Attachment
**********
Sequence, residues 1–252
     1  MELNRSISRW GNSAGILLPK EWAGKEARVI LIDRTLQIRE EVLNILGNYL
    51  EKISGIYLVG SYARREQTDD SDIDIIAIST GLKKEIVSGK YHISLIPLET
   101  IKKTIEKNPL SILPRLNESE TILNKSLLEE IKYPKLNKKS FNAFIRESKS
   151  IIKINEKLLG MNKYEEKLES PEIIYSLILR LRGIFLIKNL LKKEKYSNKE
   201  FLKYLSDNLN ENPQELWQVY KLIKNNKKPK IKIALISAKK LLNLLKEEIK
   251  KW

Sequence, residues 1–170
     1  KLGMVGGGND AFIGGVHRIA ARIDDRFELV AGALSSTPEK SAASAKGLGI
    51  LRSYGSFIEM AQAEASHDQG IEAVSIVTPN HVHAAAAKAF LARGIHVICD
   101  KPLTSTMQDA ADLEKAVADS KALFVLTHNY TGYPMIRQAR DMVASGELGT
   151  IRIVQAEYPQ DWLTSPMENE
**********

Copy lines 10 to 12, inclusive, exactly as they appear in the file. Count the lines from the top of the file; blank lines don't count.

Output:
    51  LRSYGSFIEM AQAEASHDQG IEAVSIVTPN HVHAAAAKAF LARGIHVICD
   101  KPLTSTMQDA ADLEKAVADS KALFVLTHNY TGYPMIRQAR DMVASGELGT
   151  IRIVQAEYPQ DWLTSPMENE